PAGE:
Manchester technologists Axelisys launched a device they claim spells the end of health and social-care supply shortages.
Automedi is the first commercial smart 3D printing platform that manufactures products right at the point of care. Meaning no deliveries, no minimum order quantities and using new, fully recyclable thermoplastics, to take plastic waste out of the health plastics ecosystem. Reducing some of its 23 million tonne Carbon footprint.
Ethar Alali, Managing Director of Axelisys and inventor of Automedi, said: “2020 has been an incredibly challenging year for health and social care. COVID-19 caught the NHS’ supply unaware and ate away at its workforce. Supplies ran short and demand increased, leaving staff at increased risk of infection and stress. Especially People of Colour on the front line.”
Tackling COVID-19 saw communities rally together to fill exposed backlogs through donations and peer support. Engaging in civic action, the scale of which was not seen in peacetime.
Automedi works like a vending machine. Simply choose the items needed & equipment is 3D printed inside the filtered enclosure for what they claim, is a fraction of the cost, time, and climate impact of traditional manufacturing and delivery. One of its many advantages.
“Tools are available in minutes not days, there are no haulage emissions, lower energy usage, and lower storage space. Our thermoplastics can be fully recycled back into the same material that made the items and it takes an entire store of items and placing them in a unit that can make all the same products from just electricity and recyclable polymer”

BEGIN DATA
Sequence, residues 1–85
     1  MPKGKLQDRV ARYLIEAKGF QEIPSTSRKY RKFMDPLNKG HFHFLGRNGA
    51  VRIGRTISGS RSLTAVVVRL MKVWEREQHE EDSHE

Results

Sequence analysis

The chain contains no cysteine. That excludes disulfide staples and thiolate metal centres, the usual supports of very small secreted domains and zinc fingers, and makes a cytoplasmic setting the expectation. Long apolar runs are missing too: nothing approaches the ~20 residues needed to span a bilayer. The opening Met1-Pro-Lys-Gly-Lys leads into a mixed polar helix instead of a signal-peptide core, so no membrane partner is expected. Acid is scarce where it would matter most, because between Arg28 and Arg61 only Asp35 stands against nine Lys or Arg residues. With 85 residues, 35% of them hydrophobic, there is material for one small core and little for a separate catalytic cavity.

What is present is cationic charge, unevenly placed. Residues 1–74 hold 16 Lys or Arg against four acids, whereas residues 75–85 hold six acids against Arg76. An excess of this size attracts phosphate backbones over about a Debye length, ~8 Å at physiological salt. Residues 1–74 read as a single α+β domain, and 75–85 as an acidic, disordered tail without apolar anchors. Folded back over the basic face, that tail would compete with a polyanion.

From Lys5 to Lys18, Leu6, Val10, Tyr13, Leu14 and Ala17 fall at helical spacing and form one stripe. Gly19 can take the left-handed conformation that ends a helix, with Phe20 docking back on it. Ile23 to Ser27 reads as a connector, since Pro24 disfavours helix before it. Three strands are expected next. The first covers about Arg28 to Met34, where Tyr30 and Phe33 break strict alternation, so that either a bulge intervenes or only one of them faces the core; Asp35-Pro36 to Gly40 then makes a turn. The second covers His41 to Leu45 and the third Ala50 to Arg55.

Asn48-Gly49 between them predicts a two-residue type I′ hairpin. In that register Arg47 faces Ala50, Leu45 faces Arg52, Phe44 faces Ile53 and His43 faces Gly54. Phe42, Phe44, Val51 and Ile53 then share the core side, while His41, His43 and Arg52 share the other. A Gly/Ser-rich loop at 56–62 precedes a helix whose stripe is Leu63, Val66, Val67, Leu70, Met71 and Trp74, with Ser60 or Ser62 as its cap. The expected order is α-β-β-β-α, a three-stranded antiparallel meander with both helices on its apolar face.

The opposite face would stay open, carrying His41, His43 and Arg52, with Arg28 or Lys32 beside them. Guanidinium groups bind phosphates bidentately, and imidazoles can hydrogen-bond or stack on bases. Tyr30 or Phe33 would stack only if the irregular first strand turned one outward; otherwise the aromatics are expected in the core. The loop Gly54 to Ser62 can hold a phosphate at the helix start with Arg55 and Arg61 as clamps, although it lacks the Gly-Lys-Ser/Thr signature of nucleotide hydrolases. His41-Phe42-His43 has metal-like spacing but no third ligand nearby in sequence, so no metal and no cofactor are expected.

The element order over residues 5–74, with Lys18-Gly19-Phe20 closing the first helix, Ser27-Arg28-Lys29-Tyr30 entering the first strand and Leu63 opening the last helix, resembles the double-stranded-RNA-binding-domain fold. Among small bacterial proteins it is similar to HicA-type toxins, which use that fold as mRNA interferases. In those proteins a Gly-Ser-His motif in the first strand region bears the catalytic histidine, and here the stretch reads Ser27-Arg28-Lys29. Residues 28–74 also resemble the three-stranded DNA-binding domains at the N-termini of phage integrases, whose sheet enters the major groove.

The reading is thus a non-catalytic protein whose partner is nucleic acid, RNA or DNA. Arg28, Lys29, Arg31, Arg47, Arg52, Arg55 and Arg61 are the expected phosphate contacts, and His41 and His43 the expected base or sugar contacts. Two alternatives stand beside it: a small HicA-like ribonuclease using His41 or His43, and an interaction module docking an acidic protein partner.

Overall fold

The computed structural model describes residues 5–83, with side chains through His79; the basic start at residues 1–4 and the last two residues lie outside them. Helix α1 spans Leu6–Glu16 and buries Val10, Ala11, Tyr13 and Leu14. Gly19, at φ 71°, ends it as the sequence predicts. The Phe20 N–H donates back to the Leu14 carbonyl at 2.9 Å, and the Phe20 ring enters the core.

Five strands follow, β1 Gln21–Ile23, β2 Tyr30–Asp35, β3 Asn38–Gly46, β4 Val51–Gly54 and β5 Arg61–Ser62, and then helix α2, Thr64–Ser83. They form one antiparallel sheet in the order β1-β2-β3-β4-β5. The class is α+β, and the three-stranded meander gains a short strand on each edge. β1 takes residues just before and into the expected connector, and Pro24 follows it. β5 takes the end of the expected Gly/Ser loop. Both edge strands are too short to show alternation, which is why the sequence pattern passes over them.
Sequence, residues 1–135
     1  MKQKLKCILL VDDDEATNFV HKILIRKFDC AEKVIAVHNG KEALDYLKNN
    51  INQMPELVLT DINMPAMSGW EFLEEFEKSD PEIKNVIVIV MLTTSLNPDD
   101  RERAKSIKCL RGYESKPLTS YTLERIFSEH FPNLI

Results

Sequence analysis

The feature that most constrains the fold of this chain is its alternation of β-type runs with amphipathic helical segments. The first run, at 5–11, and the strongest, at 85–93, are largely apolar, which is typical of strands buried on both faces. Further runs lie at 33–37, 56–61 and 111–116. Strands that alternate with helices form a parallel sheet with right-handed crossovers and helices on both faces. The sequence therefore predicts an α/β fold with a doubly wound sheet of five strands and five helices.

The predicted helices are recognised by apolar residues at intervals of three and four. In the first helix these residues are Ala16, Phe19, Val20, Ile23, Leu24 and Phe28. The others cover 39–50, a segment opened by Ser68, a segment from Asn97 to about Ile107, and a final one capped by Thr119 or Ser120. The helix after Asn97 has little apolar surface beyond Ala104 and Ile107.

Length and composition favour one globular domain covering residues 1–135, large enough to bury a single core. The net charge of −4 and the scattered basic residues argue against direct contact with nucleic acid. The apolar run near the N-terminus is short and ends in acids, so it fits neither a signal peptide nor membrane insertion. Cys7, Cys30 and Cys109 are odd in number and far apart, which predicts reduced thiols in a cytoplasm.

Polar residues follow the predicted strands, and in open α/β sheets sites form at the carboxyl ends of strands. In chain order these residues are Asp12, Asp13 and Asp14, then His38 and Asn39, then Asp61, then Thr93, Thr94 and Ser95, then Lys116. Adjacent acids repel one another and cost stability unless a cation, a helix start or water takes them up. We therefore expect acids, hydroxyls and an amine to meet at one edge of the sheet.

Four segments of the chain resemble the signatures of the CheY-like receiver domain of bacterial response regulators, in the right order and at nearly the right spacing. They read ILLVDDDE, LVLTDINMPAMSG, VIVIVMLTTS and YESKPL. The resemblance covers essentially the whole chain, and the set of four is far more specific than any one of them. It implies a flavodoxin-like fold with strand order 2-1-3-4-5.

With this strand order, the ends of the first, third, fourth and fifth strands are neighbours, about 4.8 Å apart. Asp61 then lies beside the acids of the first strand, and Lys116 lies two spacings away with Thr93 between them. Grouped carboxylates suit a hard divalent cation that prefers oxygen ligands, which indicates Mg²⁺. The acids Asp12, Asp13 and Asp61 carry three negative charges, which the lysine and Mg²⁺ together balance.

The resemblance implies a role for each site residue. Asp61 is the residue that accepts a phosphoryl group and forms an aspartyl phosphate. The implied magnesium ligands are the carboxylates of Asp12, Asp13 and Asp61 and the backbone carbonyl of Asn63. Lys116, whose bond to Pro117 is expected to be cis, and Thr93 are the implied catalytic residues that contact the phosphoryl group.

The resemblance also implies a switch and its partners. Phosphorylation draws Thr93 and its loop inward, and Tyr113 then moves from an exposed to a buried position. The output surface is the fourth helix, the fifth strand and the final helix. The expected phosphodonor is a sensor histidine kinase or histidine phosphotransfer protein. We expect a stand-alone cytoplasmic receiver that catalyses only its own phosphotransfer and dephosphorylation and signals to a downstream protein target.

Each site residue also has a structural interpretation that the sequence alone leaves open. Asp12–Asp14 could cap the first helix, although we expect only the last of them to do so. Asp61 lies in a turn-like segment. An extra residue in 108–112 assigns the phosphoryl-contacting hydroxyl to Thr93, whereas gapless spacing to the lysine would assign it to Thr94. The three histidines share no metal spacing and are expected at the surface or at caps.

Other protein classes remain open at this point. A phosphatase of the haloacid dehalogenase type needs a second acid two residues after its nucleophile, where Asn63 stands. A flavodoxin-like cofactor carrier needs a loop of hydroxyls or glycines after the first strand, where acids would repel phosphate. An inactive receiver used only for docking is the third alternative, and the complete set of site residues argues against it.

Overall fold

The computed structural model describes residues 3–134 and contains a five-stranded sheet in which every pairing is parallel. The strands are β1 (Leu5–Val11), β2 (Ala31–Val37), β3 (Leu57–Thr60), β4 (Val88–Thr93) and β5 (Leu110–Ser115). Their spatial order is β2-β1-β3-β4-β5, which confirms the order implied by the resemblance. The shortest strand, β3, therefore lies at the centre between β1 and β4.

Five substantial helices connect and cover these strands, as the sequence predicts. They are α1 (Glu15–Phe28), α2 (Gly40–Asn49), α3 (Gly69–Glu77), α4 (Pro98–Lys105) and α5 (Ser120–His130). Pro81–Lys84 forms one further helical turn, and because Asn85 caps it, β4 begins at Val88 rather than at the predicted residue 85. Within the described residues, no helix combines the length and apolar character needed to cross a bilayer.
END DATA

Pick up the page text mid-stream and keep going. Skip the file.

The Automedi fleet is monitored through a cloud-based fleet management platform, supported by a management team. They respond to device calls, deliver consumables, fit hardware upgrades and recycle surplus material. All through one managed service subscription.
“Automedi subscriptions are a cross between mobile phone contracts and rentals. Helping introduce a circular bioplastics economy into the greater Manchester ecosystem and move health providers away from unrecycled plastics and towards the 2038, 2040 and 2050 net zero targets”
The company were awarded £49,000 by InnovateUK to develop the technology in June. The first prototype was ready 2 weeks later and by July, the devices were piloted in pharmacies in Greater Manchester. Yet, it was not plain sailing when it came to regulation.
“Because of COVID-19, we spent a lot of time trying to get appointments to understand how medical device regulations could apply.” Said Ethar “Most UK laws were passed 30 years ago and could never foresee the use of 3D printing. It took 7 weeks to get an initial conversation and 10 weeks before we got anything in writing. Out catalogues couldn’t have anything remotely medical in them until then.”
Now safe on a solid regulatory footing, the team aims to expand the device fleet across Greater Manchester’s Health and Social Care network as a testbed to a UK wide launch of their alternative supply chain, in early 2021. Helping to create 100 jobs over the next 3 years.